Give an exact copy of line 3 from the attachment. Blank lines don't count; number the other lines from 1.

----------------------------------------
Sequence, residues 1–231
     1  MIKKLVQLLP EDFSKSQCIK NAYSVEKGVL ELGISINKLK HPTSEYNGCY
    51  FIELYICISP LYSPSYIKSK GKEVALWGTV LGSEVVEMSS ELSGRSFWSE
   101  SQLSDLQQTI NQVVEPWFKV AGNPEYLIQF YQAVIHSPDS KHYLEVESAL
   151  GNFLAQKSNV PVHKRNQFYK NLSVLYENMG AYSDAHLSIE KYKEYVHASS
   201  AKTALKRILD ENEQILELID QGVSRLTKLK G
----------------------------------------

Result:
    51  FIELYICISP LYSPSYIKSK GKEVALWGTV LGSEVVEMSS ELSGRSFWSE